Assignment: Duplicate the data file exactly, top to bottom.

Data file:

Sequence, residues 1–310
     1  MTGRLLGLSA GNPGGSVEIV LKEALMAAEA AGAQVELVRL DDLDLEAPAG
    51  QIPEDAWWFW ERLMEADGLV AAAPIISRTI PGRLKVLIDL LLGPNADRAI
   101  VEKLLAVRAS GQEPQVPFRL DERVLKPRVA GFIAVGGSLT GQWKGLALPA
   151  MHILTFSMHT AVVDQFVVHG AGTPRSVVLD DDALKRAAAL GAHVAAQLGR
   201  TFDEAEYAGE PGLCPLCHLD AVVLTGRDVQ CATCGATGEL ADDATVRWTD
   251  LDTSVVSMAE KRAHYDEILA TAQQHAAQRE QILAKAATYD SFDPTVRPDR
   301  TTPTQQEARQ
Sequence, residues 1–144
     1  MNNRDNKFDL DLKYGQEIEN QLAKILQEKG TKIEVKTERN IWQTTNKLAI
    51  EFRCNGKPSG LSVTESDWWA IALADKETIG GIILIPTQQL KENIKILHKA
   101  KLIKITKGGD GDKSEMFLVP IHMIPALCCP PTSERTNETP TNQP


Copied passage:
Sequence, residues 1–310
     1  MTGRLLGLSA GNPGGSVEIV LKEALMAAEA AGAQVELVRL DDLDLEAPAG
    51  QIPEDAWWFW ERLMEADGLV AAAPIISRTI PGRLKVLIDL LLGPNADRAI
   101  VEKLLAVRAS GQEPQVPFRL DERVLKPRVA GFIAVGGSLT GQWKGLALPA
   151  MHILTFSMHT AVVDQFVVHG AGTPRSVVLD DDALKRAAAL GAHVAAQLGR
   201  TFDEAEYAGE PGLCPLCHLD AVVLTGRDVQ CATCGATGEL ADDATVRWTD
   251  LDTSVVSMAE KRAHYDEILA TAQQHAAQRE QILAKAATYD SFDPTVRPDR
   301  TTPTQQEARQ
Sequence, residues 1–144
     1  MNNRDNKFDL DLKYGQEIEN QLAKILQEKG TKIEVKTERN IWQTTNKLAI
    51  EFRCNGKPSG LSVTESDWWA IALADKETIG GIILIPTQQL KENIKILHKA
   101  KLIKITKGGD GDKSEMFLVP IHMIPALCCP PTSERTNETP TNQP